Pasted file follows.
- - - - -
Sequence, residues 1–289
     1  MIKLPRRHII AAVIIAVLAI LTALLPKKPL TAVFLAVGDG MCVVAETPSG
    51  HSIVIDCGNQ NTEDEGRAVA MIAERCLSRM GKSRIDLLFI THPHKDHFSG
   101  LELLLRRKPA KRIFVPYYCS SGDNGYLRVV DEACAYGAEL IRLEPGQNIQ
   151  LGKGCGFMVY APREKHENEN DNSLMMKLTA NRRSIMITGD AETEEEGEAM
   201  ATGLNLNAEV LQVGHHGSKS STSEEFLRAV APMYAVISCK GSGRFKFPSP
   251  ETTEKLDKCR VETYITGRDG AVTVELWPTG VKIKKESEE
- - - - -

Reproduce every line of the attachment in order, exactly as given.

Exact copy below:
Sequence, residues 1–289
     1  MIKLPRRHII AAVIIAVLAI LTALLPKKPL TAVFLAVGDG MCVVAETPSG
    51  HSIVIDCGNQ NTEDEGRAVA MIAERCLSRM GKSRIDLLFI THPHKDHFSG
   101  LELLLRRKPA KRIFVPYYCS SGDNGYLRVV DEACAYGAEL IRLEPGQNIQ
   151  LGKGCGFMVY APREKHENEN DNSLMMKLTA NRRSIMITGD AETEEEGEAM
   201  ATGLNLNAEV LQVGHHGSKS STSEEFLRAV APMYAVISCK GSGRFKFPSP
   251  ETTEKLDKCR VETYITGRDG AVTVELWPTG VKIKKESEE